* Japan economy shifting away from downtrend – March summary
* Some warned BOJ’s priority was on deflation risks
* BOJ decided on steps to make its policy sustainable in March
* One member hoped BOJ’s policy framework is sustained for years (Recasts with new lead, details on March review opinions)
By Leika Kihara
TOKYO, March 29 (Reuters) – Some Bank of Japan (BOJ) policymakers saw early bright spots in the pandemic-hit economy even as they debated steps to make the bank’s ultra-loose monetary policy more sustainable, a summary of opinions voiced at the March rate review showed on Monday.
At the March meeting, the BOJ decided on a range of steps to make its policy tools sustainable enough to weather a prolonged battle to cushion the economic blow from COVID-19, and fire up inflation to its perennially elusive 2% target.
“Japan’s economy may be shifting away from a downward trend since the outbreak of COVID-19, with exports and output remaining firm,” one of the nine board members was quoted anonymously as saying in the summary.
The BOJ releases a summary of opinions voiced at each policy-setting meeting several days after the meeting, but does not disclose who expressed the opinions.
“Although uncertainties remain over COVID-19 … downside risks to economic activity at home and abroad have been contained with no signs of increase in industries suffering from deteriorating business conditions,” another board member said.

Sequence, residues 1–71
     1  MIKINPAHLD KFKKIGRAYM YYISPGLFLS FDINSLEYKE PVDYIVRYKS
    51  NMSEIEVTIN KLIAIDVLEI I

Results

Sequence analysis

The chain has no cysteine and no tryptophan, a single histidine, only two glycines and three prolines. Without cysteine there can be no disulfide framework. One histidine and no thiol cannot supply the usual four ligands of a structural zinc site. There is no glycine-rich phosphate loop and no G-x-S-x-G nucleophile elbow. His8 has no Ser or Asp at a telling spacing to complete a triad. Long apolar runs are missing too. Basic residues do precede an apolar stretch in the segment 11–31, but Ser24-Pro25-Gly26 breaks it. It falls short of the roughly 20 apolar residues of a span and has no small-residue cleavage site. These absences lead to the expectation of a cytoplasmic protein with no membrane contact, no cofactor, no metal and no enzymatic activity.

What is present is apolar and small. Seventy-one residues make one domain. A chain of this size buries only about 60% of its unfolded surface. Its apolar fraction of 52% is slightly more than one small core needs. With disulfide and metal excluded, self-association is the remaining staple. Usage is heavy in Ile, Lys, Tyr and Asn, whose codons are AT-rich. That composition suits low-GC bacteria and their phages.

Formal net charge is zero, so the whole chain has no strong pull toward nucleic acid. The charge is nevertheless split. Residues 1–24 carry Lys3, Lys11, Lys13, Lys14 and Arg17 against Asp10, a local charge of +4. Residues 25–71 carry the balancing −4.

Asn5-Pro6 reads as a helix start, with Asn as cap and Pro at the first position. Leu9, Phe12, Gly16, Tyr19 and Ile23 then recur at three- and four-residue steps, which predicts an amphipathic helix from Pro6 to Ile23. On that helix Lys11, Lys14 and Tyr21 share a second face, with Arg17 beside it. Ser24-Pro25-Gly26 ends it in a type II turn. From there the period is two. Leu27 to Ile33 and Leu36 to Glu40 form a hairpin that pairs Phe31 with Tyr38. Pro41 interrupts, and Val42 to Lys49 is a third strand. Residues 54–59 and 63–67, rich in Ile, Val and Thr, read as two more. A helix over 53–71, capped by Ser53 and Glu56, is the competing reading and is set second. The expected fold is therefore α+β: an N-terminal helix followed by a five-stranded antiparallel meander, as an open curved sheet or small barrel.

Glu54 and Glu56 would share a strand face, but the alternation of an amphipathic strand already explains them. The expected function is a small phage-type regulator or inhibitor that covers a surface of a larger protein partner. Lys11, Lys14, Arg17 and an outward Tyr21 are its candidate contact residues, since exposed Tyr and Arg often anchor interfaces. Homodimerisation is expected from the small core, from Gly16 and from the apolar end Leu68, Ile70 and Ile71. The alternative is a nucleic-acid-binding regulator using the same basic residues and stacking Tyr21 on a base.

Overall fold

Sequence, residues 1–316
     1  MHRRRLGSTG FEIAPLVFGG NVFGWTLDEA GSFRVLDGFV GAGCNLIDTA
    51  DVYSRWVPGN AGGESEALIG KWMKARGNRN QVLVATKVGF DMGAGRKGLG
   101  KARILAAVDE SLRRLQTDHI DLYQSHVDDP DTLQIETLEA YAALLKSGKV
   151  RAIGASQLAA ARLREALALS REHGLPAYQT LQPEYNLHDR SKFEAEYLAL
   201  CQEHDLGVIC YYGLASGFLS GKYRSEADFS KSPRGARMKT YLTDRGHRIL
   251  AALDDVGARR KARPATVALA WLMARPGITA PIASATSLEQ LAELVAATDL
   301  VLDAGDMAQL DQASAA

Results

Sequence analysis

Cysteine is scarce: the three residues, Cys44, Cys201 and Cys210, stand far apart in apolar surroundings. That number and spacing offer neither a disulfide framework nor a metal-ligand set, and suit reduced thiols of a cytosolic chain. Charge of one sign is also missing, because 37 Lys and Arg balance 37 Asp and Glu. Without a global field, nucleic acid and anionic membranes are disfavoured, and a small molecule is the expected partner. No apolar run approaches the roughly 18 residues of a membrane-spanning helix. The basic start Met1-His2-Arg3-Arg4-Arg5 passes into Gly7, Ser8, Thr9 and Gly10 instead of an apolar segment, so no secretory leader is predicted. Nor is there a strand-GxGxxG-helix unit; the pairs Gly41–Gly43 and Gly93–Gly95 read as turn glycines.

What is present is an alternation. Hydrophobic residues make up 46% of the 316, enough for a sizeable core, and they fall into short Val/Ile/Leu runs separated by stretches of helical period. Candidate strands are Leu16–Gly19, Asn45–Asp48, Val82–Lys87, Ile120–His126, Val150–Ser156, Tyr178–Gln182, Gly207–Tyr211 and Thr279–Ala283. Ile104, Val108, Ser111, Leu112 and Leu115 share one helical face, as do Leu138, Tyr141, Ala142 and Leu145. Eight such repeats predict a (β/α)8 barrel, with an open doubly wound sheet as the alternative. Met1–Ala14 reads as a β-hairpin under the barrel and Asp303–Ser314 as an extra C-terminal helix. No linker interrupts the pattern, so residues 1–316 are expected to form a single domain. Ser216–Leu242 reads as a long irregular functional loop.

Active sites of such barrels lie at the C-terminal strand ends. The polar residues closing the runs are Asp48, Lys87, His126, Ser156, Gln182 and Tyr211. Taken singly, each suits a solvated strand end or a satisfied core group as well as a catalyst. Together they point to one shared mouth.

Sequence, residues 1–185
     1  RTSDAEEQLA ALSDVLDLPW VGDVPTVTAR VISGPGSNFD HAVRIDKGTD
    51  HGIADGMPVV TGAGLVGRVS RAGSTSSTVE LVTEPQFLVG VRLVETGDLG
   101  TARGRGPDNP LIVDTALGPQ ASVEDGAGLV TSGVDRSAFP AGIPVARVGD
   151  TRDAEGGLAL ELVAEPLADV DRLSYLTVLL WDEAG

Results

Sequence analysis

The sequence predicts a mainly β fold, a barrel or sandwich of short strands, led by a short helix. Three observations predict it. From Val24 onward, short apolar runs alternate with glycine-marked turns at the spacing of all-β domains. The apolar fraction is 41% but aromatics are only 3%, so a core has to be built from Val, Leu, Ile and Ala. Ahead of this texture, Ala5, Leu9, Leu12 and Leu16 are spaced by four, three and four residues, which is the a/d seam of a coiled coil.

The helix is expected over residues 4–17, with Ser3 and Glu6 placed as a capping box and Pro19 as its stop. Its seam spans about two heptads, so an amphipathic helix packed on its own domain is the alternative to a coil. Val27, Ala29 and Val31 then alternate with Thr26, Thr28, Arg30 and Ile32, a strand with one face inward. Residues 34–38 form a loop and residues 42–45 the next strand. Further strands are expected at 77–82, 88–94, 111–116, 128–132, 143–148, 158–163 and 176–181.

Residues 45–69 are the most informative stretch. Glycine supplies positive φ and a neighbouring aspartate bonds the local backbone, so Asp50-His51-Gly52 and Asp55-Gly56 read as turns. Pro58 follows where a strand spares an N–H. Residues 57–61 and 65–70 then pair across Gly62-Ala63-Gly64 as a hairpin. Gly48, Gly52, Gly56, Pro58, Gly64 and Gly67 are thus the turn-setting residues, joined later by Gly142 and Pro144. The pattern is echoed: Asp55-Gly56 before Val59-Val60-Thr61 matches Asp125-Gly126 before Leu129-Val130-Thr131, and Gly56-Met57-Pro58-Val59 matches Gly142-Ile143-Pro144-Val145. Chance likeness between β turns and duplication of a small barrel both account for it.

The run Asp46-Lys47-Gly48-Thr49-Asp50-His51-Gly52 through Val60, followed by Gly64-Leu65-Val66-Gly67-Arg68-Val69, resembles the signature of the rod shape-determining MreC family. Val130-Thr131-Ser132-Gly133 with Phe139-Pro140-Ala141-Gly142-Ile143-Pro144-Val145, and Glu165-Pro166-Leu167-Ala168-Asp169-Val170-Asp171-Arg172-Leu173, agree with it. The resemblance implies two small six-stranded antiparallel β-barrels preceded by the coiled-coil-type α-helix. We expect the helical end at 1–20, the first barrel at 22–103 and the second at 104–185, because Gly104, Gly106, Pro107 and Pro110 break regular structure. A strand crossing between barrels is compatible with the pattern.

On prices, some board members warned that risks of deflation or prolonged price stagnation remained the BOJ’s primary concern, even as some Western economies were experiencing an uptick in inflation, the summary showed.
The remarks reinforce a dominant market view that the BOJ will keep monetary policy steady for the time being in hope a rebound in overseas demand will underpin Japan’s export-reliant economy.
One BOJ board member voiced hope that the review of its tools would allow the central bank to stick to its current policy framework “for a few years to come”.
In a sign the BOJ’s policy review had gained consent from the government, a finance ministry representative attending the March meeting said he had “no disagreement” over the decision, according to the summary. (Reporting by Leika Kihara; Editing by Chang-Ran Kim and Kenneth Maxwell)